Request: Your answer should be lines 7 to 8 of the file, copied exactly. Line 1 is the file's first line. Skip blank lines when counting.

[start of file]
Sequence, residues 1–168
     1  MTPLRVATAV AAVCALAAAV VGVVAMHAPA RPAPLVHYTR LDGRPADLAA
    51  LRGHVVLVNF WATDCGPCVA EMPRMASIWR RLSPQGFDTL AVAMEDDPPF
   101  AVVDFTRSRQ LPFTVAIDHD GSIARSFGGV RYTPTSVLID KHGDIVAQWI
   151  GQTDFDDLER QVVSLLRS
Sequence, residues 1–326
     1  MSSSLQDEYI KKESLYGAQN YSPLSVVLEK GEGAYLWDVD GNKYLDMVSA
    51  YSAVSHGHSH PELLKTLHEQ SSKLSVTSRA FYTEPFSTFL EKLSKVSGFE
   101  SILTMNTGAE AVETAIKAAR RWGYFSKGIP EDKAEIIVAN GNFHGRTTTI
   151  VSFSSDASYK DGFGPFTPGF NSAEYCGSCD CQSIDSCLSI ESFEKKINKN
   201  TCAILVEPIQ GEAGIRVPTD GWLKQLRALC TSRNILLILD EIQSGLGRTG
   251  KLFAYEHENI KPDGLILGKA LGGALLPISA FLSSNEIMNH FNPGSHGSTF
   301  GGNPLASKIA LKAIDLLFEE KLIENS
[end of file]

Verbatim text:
     1  MSSSLQDEYI KKESLYGAQN YSPLSVVLEK GEGAYLWDVD GNKYLDMVSA
    51  YSAVSHGHSH PELLKTLHEQ SSKLSVTSRA FYTEPFSTFL EKLSKVSGFE